on May 15, 2015
This is one of the best books on psychotherapy I've read, and I've read quite a number. The thesis of this book is indeed, very feminine: the therapist and the client both need to remove the barriers that separate them from intimacy with others, and "melt into one another" for therapy to be of any real assistance. This process inevitably transforms both the therapist and the client. The melting process must not be sexual in nature; it is important for both people that there be safety around this issue, because Barbara Sullivan's proposed method is inevitably intimate. In fact her thesis is that without true intimacy there can only be superficial healing. Here is a taste of her writing:
"Such therapy is inevitably lengthy and difficult, proceeding as it does in the medium of an intense, intimate relationship between patient and analyst. If it goes any distance at all, it affects the analyst as well as the patient in deep and unexpected ways."
I had the privilege of experiencing such a process, and it was indeed lengthy, painful and difficult, but the result was a major personal transformation which left me comfortable with myself for the first time in my life. The trauma of my childhood was neutralized and the terrible loneliness I had suffered mellowed into a genuine ability to connect with others.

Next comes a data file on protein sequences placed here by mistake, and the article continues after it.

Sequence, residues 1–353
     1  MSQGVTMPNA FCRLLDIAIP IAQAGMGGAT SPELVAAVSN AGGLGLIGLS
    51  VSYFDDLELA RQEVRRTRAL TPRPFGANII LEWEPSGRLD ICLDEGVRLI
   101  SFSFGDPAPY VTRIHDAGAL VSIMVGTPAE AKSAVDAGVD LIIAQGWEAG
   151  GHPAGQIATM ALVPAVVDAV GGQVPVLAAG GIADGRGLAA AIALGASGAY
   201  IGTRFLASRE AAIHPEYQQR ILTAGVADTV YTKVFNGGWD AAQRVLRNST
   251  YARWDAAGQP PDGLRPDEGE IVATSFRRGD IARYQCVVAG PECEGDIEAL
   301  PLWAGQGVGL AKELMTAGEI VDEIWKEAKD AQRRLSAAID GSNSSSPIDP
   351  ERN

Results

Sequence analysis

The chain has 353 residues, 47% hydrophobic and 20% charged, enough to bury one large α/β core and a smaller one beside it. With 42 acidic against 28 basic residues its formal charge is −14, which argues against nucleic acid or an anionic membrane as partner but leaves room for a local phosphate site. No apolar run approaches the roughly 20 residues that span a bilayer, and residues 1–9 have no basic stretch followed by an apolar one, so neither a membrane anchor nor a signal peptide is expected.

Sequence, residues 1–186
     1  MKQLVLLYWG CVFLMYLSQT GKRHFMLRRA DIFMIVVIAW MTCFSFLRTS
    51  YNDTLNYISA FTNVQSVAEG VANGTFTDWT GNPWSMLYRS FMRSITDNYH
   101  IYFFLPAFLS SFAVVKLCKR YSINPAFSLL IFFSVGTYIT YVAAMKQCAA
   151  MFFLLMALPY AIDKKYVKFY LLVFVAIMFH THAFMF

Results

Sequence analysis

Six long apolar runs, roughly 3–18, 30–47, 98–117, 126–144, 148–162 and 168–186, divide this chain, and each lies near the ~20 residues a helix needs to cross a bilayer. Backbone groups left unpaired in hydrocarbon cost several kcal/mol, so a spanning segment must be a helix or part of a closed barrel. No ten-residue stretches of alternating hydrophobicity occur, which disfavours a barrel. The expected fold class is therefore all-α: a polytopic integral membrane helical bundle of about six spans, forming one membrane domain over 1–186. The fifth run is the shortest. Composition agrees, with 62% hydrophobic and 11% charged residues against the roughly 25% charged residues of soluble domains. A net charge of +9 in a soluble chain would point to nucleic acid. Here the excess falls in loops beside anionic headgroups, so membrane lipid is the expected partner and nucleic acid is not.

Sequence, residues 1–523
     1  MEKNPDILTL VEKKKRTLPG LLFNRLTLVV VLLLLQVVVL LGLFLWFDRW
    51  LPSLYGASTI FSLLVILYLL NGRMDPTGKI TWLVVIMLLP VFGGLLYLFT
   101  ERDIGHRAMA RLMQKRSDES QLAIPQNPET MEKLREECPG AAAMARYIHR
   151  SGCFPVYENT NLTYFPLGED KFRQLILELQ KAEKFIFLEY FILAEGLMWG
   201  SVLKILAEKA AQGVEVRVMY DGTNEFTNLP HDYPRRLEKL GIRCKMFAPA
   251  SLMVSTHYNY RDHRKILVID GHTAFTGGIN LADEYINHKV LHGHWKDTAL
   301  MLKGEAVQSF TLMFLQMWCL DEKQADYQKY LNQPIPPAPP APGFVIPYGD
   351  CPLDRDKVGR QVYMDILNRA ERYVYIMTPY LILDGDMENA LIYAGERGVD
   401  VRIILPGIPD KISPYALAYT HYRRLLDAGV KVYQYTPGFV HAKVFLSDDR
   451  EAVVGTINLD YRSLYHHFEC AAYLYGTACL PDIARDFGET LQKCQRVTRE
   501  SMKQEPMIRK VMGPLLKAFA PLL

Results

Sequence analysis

This sort of therapy is not easy, nor for those who are unready to undergo deep suffering in order to come to terms with it. But if you are unable to love yourself, and have the courage to face that fact, I highly recommend you read this book and follow its compassionate and humane path to self-acceptance.
on September 20, 2007
The paradigm of this book is very simple: that accepting, allowing and making space for the movements of the psyche (feelings, dreams, passions) is what heals.
In a sense it the Jungian version of the work of Carl Rogers.
I am not sure if her hypothesis is true or not, and I am sure that it is fascinating and that she presents herself very well.